While he successfully recovered, Ike’s baseball life became a series of hits and misses. After the Mets, he played briefly with the Yankees, Dodgers, Rangers and Athletics organizations. In the middle of the current season in the minor leagues, Ike decided to leave the batter’s box for the pitcher’s mound.

Maybe Ike found his baseball mojo. During his pitching debut for the Arizona League Dodgers, he threw a scoreless inning while striking out all three batters. His fastball reached 92 mph.

This was not Ike’s first time on the mound. He was in the bullpen during his college days at Arizona State and then he had two scoreless relief appearances for the A’s a couple of years ago. He is a lefty, and teams always are looking for a dominant southpaw to come out of the bullpen. He also has a father who can give him a few pointers. Ron Davis pitched 11 years in the major leagues with several teams, including the Yankees.

Ike has proven that it never is too late to reinvent yourself. This works for sports, in business and in life. Today’s ideas and tactics may not be suitable several years from now. So, always be open to new challenges and new opportunities. Part of the excitement of mastering that new game plan is the surprises and unique experiences that occur along the way.

Vaulting Leads To Career Trajectory
Aug 17, 2017Posted by james

Armand Duplantis is known as Mondo. He is a vaulter and has cleared 19 feet at least twice this year. Most vaulters do not clear this height until they reach their prime compete level when they are in their mid-20s. Mondo is 17.

Mondo already has outgrown his home training facility in Louisiana. He jumps so high that the padding on a brick wall near the landing pit no longer provides him with a safety cushion should a practice vault move sideways. So, to continue his training, Mondo practices at his high school.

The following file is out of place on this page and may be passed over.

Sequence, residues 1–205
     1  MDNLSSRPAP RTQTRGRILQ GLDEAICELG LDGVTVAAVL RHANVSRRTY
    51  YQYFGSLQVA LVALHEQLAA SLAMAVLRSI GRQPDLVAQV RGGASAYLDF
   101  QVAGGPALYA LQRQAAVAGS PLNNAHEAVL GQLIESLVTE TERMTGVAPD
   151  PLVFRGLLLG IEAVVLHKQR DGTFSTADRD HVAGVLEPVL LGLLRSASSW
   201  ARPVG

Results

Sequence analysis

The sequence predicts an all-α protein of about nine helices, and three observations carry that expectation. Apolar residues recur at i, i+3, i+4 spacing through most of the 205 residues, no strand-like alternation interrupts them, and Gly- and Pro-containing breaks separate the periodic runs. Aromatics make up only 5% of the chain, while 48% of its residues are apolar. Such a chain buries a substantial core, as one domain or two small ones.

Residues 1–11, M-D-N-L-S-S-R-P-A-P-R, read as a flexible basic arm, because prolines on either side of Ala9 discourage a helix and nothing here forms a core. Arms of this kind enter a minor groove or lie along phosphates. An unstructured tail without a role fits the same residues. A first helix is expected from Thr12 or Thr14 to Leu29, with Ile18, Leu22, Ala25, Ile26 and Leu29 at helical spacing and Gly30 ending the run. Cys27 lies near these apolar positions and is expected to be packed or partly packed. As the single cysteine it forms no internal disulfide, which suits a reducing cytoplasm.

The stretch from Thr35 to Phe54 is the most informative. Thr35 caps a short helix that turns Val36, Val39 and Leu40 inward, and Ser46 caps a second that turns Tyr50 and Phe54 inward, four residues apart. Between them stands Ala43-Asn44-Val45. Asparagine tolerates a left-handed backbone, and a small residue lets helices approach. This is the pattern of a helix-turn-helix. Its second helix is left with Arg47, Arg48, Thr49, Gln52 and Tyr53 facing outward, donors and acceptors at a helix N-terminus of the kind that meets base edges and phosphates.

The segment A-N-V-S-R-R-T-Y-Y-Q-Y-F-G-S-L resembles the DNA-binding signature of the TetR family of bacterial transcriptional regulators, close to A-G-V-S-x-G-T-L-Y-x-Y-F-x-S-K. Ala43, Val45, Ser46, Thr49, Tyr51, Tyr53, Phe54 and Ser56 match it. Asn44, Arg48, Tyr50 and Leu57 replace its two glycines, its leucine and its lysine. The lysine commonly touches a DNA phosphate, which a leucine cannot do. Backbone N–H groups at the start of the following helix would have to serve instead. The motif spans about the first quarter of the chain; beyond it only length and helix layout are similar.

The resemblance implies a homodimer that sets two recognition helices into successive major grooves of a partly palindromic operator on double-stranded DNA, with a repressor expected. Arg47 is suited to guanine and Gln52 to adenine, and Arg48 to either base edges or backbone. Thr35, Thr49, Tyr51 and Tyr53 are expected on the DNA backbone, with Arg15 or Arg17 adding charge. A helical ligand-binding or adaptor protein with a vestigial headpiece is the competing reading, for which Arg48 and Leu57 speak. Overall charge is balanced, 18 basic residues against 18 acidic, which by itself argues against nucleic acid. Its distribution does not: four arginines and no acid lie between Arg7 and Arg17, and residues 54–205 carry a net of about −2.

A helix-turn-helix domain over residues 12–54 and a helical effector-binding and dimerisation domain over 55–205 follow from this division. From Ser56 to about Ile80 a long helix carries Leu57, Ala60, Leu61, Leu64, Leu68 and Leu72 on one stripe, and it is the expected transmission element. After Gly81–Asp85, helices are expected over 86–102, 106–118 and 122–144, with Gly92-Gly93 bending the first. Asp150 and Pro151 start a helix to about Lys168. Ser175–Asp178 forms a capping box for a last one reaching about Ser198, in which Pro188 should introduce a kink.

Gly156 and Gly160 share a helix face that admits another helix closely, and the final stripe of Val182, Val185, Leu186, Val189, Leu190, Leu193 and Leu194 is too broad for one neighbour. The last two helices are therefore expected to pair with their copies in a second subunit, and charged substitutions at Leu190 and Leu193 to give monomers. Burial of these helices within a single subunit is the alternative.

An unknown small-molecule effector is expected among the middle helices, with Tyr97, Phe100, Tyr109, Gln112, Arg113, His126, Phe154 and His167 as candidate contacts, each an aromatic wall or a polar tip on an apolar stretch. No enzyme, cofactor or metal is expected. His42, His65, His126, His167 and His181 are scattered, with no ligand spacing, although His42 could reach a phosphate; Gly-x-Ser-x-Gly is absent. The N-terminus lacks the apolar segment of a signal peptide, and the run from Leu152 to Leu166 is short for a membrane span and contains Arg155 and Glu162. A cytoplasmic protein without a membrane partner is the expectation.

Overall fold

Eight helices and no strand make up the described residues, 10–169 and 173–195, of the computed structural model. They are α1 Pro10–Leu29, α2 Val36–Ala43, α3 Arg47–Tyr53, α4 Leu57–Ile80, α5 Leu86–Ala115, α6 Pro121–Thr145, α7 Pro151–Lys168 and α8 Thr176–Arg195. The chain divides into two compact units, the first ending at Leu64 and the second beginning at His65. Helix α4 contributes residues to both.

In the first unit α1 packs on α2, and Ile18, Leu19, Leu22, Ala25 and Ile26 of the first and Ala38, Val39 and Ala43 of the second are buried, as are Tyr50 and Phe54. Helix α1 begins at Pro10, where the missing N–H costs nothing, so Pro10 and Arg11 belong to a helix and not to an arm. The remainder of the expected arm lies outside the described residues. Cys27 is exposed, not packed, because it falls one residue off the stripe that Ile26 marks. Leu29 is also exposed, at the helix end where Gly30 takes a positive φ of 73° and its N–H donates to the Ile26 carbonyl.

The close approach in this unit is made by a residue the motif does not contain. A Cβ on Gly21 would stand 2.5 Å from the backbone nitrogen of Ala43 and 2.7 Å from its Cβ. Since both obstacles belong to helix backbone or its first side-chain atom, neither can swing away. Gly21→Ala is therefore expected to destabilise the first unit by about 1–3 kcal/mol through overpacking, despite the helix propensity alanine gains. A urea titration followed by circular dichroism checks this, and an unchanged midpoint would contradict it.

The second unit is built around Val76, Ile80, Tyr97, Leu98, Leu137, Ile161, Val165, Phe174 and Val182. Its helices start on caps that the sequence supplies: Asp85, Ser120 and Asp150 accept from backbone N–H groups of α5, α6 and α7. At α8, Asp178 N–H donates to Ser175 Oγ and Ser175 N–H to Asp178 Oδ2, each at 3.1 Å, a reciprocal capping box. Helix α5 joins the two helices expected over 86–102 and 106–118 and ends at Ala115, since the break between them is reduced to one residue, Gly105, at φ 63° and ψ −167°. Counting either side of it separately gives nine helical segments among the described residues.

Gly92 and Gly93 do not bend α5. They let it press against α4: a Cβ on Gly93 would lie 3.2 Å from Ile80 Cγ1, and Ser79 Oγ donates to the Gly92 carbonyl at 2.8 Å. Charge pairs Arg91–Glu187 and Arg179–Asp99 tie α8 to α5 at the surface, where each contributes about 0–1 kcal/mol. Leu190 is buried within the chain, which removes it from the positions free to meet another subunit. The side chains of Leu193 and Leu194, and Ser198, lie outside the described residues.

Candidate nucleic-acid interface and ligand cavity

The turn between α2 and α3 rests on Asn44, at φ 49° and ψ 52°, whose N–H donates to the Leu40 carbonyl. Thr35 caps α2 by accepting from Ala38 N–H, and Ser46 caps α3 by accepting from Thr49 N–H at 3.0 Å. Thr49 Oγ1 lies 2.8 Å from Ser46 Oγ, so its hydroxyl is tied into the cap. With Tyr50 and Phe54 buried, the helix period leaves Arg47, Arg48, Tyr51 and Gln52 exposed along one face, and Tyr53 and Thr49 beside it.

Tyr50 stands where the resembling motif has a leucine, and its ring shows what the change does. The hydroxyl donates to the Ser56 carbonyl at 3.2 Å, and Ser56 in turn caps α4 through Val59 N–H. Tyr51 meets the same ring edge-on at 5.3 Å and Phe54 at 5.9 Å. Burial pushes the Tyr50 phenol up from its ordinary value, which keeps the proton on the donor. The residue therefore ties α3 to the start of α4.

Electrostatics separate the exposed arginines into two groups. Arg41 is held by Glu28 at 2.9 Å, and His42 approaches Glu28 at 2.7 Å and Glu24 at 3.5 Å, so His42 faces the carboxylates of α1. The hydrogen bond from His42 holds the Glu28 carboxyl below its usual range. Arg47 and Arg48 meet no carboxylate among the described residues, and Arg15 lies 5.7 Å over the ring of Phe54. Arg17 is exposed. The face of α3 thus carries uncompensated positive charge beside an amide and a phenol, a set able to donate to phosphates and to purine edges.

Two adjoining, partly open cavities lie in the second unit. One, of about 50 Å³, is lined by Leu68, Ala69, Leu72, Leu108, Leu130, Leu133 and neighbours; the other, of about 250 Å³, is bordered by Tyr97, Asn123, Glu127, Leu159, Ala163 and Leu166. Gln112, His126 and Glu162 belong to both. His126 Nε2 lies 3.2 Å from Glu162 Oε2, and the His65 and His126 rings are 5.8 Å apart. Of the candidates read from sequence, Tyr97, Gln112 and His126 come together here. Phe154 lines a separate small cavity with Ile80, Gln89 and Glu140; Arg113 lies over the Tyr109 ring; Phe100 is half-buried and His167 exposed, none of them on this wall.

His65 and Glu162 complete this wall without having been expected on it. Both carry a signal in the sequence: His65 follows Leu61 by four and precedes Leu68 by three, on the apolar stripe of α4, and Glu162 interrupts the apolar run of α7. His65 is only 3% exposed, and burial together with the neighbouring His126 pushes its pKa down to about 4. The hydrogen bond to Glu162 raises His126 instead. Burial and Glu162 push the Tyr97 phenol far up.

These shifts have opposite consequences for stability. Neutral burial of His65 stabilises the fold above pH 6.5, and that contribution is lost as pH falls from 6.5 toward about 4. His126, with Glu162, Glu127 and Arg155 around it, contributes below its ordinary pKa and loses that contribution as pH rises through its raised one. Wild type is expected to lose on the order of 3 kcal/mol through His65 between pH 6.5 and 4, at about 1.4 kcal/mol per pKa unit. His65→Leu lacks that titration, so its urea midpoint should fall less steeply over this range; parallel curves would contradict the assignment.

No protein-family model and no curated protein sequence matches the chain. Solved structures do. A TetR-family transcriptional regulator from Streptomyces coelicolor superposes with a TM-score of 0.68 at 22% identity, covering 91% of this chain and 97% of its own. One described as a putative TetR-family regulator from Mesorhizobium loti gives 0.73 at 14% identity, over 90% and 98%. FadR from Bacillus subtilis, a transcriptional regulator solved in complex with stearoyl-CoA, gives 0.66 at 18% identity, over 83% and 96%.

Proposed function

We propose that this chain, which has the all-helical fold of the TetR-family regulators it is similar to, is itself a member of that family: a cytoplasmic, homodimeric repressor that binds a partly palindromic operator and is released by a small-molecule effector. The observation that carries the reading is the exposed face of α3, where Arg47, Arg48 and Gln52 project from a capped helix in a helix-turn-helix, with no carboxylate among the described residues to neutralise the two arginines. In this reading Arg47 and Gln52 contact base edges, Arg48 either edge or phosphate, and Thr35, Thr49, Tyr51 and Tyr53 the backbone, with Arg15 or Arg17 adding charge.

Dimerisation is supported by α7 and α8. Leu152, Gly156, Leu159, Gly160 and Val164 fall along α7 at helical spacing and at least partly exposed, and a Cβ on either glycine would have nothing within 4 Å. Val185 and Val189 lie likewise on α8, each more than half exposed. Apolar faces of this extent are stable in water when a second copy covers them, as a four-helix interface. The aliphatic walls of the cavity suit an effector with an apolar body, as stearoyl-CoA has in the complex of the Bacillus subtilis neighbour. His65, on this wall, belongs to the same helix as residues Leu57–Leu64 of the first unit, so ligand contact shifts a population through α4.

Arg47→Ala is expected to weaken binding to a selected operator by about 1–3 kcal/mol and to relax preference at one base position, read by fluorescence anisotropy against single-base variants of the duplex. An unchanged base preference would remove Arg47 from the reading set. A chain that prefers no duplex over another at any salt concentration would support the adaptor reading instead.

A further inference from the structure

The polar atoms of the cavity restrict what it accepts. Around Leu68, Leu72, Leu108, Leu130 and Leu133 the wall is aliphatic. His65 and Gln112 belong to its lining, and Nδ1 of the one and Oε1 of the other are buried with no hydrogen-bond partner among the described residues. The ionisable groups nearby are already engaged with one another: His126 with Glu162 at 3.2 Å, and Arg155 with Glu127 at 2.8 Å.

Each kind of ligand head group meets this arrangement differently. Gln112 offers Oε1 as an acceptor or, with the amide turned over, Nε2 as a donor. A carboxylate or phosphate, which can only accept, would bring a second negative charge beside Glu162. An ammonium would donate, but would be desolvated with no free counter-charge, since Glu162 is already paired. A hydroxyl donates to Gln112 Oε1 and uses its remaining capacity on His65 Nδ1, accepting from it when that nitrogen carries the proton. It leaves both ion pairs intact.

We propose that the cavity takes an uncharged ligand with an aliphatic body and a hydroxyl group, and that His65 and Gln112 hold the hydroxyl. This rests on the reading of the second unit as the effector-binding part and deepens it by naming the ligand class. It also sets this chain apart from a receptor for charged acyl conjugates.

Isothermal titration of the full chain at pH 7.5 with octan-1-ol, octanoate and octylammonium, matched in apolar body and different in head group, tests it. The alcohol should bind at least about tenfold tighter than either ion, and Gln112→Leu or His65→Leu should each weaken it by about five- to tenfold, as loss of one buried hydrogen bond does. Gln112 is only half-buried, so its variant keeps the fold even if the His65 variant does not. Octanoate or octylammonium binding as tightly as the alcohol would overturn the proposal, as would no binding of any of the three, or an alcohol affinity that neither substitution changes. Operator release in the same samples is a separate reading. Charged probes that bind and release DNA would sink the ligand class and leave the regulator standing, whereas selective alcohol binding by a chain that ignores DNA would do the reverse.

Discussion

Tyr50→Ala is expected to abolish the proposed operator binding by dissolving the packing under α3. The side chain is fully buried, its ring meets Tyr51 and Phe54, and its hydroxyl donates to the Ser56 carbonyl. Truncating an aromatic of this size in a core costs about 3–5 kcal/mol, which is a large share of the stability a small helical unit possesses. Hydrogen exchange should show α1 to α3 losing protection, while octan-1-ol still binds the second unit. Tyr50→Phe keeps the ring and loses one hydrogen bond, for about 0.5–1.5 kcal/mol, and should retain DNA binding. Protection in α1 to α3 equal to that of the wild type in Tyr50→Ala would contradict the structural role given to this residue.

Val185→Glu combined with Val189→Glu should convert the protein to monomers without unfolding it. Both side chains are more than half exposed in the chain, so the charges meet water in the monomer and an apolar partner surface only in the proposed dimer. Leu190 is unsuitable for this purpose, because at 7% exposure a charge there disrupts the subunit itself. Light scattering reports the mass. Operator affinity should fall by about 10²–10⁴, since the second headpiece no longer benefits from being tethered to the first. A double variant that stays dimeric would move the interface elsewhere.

Mondo is committed to success, and he comes from good family stock. His father was an All-American vaulter who cleared 19 feet as a professional. His mother was a heptathlete and volleyball player. An older brother finished third at the Southeastern Conference indoor vaulting championships. Another brother played in the Little League World Series and now is a college outfielder.

Mondo has represented Sweden in several international competitions. Sweden is his mother’s home country and Mondo maintains dual citizenship. All the boys in the family have enjoyed summers in Sweden and they are comfortable with that country’s youth sports development programs.

Mondo began his training while still wearing diapers. He climbed a neighbor’s tree. Then, he used a skateboard to zoom off the roof with his brothers. His first vaults with a broomstick occurred in the living room. An ottoman served as his landing pit. When he was seven, he was a world age-group champion, preferring to jump barefoot until he was required to wear spiked shoes. Slightly more than a year ago, he vaulted 10 feet in the backyard by launching himself from a hoverboard.

Mondo hopes to vault 19 feet 81/4 inches this year. That is just six inches less than the world record. By the 2020 Olympics in Tokyo, his aim is to be the best vaulter in the world and to compete for the gold medal.